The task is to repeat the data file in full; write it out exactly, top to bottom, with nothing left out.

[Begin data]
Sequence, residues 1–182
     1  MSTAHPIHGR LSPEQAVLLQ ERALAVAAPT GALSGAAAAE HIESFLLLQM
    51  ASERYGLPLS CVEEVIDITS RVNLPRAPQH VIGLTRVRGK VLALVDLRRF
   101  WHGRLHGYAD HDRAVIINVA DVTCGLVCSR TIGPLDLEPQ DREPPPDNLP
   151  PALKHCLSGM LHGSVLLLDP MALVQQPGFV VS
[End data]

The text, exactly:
Sequence, residues 1–182
     1  MSTAHPIHGR LSPEQAVLLQ ERALAVAAPT GALSGAAAAE HIESFLLLQM
    51  ASERYGLPLS CVEEVIDITS RVNLPRAPQH VIGLTRVRGK VLALVDLRRF
   101  WHGRLHGYAD HDRAVIINVA DVTCGLVCSR TIGPLDLEPQ DREPPPDNLP
   151  PALKHCLSGM LHGSVLLLDP MALVQQPGFV VS